. "Appendix J Report of the Panel on DOE's Natural Gas Exploration and Production R&D Program." Prospective Evaluation of Applied Energy Research and Development at DOE (Phase Two). Washington, DC: The National Academies Press, 2007.
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Prospective Evaluation of Applied Energy Research and Development at DOE (Phase Two)
TABLE J-1 DOE’s Performance Targets for Expanding Domestic ERR by 50 Tcf Through 2015
Contribution to Target (Tcf)
Develop technologies to increase gas finding efficiency, increase well productivity, reduce well abandonment, and address excessive water production from existing fields
7 by 2015
Develop technologies to reduce the cost of drilling for unconventional and other gas by 5%
13 by 2015
Provide technologies for hydrate avoidance or seafloor stability mitigation to assure the safety of ongoing deepwater hydrocarbon exploration
2 by 2015
Develop improved reservoir imaging systems to increase finding efficiency in unconventional gas reservoirs
11 by 2015
Develop reliable E&P systems for gas located 20,000 ft below the earth’s surface
5 by 2015
Develop integrated deep drilling system that reduces drilling cost by 30%
10 by 2015
Develop environmentally sound approaches that minimize the gas E&P footprint, enabling expanded access to gas in environmentally sensitive areas
2 by 2015
SOURCE: DOE. 2004b. Natural Gas Technologies Program Plan. Washington, D.C.: Office of Fossil Energy.
ergy.” The objective shown in the Program Plan is to develop technologies by 2015 that expand the nation’s economically recoverable resources (ERR) by 50 trillion cubic feet (Tcf) while minimizing environmental impact.3Table J-1 lists the performance targets for expanding the domestic ERR by 50 Tcf through 2015.
A variety of R&D projects are carried out in the three areas, which range widely in funding levels and duration; their descriptions are available on the National Energy Technology Laboratory (NETL) Web site.4 As noted in the “Introduction,” even though the E&P program may change as a result of Section J of the EPACT-2005, it is likely that R&D will continue in a number of the areas covered in the panel’s evaluation.5 In the President’s Budget Request (PBR) for 2007, the administration proposes to cancel the requirements in Section J of the Energy Policy Act of 2005 by means of a future legislative proposal.
The FY05 budgets for the key subprograms for enhancing domestic supply in DOE’s program were as follows:
Existing fields subprogram, $1.6 million;
Drilling, completion, and stimulation, $7.3 million;
Advanced diagnostics and imaging, $3.8 million; and
Deep Trek, $1.5 million.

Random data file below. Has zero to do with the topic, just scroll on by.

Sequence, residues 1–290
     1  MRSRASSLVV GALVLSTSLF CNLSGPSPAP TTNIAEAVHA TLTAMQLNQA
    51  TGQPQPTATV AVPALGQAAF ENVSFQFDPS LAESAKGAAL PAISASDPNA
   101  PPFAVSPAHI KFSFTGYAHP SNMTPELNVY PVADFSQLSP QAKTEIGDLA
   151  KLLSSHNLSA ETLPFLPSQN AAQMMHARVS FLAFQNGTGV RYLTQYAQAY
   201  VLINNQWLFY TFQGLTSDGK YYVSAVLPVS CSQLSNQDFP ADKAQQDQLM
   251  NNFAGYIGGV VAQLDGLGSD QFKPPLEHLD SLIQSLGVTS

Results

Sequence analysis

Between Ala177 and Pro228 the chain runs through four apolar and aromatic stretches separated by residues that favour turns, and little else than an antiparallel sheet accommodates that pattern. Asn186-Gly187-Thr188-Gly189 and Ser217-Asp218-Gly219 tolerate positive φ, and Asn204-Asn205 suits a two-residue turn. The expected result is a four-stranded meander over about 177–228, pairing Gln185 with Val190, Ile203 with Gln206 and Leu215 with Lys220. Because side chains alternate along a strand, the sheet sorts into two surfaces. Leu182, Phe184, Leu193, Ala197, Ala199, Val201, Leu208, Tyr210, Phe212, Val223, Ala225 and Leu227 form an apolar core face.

These subprograms are described in more detail in the following sections. The PBR for FY06 did not ask for money for subprograms assessed by the panel; it requested $10 million for closeout of the natural gas technologies program. Nevertheless, the Congress appropriated a total of $33 million to the program. For the subprograms addressed by the panel, these appropriations include $9 million for advanced drilling, completion, and stimulation, including Deep Trek; $4 million to continue work aimed at expanding the recoverability of natural gas from low-permeability formations; and $2 million for stripper wells and technology transfer.
ASSESSMENT OF THE NATURAL GAS EXPLORATIONAND PRODUCTION PROGRAM
The committee’s methodology suggests that an assessment of the benefits of a specific subprogram should explicitly consider the role of DOE funding and the technical risks and market risks that can affect the outcome and the value of that subprogram’s activities. The methodology also requires that benefits be estimated under three different global scenarios representing possible future states of the world.
Role of DOE Funding
DOE defines the goals for its natural gas exploration and production R&D program in terms of additions to ERR that can be attributed to the success of DOE-funded research.
Economically recoverable resources are resources, both discovered and undiscovered, that are economically extractable under a given set of price-to-cost relationships and technological assumptions. DOE defines ERR as resources that can be found and produced profitably at a given point in the future at prevailing prices estimated by the Energy Information Administration (EIA) in its Annual Energy Outlook.
The $50 million per year of funding from federal oil and natural gas royalties starting in FY07 will be divided as follows: (1) conduct R&D for ultradeepwater E&P and integrated systems (35 percent); (2) conduct R&D for unconventional oil and gas resources (32.5 percent); (3) assist small producers with production problems of complex and unconventional resources (7.5 percent); and (4) conduct complementary R&D at NETL (25 percent). Technology transfer will be included, and DOE will award a consortium contract by May 2006.